During the past two decades, there has been considerable growth in the use of computer-mediated technologies for assessment and treatment. One such technology is interactive voice response (IVR), an automated telephone-based interface that provides patients and research subjects with direct access to pre-recorded questionnaires, educational materials, custom messages, and even therapeutic assistance [1]. Typically, patients or research subjects are provided with a phone number to connect to a computer database interface that provides high-quality pre-recorded interactions. Using a branched logic format, IVR menus are navigated and questions are answered by pressing specific buttons on a touch-tone keypad that correspond to different options or responses. These selections are then stored for later analysis. Additionally, some IVR systems provide patients and subjects with the ability to record their own verbal responses to open-ended questions. Many modern applications of IVR now utilize voice recognition software rather than touch-tone responding for increased convenience. The continued success of IVR as a clinical and research method is due in part to improvements in voice recognition software and in part to development of open-standard IVR platforms such as the World Wide Web Consortium’s Voice Extensible Markup Language and the Speech Application Language Tags Forum [2]. There are also several companies (e.g., TeleSage, Chapel Hill, NC and DirectConnect, Omaha, NE) that provide access to established IVR systems.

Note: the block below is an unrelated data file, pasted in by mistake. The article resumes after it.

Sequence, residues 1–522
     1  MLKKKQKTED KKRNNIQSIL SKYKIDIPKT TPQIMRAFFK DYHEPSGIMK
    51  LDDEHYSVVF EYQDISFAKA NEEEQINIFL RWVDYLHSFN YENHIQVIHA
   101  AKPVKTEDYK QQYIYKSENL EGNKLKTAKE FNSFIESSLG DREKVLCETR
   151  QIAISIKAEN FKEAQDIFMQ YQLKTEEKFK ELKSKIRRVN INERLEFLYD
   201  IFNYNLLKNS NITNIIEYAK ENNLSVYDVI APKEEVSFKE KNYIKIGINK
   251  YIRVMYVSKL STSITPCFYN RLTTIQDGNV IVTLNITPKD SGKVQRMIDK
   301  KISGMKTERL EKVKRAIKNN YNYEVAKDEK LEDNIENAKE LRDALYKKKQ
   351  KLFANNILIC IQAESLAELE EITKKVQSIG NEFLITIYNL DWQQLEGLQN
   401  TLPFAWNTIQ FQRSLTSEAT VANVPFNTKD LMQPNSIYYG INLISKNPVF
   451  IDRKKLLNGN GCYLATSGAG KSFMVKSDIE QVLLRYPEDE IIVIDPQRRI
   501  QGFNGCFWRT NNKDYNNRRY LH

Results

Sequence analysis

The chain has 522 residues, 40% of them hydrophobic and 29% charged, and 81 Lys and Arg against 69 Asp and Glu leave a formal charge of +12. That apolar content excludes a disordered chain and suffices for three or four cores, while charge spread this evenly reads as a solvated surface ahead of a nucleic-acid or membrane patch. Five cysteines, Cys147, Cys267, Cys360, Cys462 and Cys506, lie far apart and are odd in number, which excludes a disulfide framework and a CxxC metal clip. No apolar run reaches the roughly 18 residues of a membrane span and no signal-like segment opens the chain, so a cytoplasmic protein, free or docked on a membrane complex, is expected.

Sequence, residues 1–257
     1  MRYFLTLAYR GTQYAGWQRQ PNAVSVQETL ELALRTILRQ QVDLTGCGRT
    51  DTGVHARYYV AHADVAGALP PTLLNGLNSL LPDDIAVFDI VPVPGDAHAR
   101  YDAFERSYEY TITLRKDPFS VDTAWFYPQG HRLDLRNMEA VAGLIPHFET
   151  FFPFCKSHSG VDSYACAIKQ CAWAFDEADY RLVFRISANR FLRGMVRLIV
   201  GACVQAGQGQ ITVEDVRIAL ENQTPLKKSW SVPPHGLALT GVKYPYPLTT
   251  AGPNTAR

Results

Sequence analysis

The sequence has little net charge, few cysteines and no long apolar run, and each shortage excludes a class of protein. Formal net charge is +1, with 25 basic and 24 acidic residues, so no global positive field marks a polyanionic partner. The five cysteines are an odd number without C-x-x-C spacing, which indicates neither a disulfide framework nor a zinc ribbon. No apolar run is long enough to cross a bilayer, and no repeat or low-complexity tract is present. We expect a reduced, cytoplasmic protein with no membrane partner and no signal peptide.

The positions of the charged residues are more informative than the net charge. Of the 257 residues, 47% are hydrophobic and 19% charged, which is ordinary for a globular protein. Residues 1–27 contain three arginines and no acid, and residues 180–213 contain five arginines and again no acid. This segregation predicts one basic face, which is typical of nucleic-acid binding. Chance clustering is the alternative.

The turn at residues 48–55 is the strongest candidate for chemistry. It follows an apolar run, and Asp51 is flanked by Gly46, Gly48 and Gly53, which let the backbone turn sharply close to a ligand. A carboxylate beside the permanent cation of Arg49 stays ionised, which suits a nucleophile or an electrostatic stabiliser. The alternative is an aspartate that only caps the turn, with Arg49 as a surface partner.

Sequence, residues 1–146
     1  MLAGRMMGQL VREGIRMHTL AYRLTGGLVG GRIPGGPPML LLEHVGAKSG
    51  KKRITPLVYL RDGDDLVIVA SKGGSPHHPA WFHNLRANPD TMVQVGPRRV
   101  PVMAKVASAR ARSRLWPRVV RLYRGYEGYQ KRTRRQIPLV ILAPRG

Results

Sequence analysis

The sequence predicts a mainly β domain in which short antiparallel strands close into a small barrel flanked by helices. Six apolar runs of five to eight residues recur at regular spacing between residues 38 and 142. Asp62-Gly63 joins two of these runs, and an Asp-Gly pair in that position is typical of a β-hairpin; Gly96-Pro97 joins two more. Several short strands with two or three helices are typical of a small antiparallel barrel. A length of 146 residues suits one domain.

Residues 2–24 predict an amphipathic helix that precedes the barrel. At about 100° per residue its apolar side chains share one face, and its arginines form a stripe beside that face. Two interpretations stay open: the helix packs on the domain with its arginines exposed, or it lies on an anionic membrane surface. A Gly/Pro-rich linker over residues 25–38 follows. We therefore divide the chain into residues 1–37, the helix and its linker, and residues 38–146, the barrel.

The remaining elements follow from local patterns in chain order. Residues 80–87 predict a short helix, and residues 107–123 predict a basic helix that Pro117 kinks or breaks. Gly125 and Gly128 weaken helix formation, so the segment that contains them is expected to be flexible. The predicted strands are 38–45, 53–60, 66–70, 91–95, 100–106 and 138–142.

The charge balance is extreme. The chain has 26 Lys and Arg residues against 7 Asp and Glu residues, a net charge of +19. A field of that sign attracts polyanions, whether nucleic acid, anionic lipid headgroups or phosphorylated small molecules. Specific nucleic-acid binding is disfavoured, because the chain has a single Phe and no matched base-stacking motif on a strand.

Some of the simplest and most common applications of IVR to clinical research are participant screening, study enrollment, and group randomization [3, 4]. Computer algorithms can be used to analyze subjects’ responses to demographic questions (e.g., age and gender) in order to determine study eligibility and to randomly assign participants to different experimental conditions. Some other established applications of IVR include survey/questionnaire administration [57]; tracking of medication adherence [8, 9]; smoking cessation education and counseling [10, 11]; alcohol and substance abuse withdrawal and relapse tracking [1215]; monitoring of drinking [1619], smoking [20], and binge eating behaviors [21]; screening for and monitoring symptoms of depression [2225], anxiety [23], and OCD [26, 27]; reporting on the efficacy and side effects of pharmaceutical regimens [9, 25, 28]; symptom monitoring in cardiac patients [29]; and psychological performance assessment [30].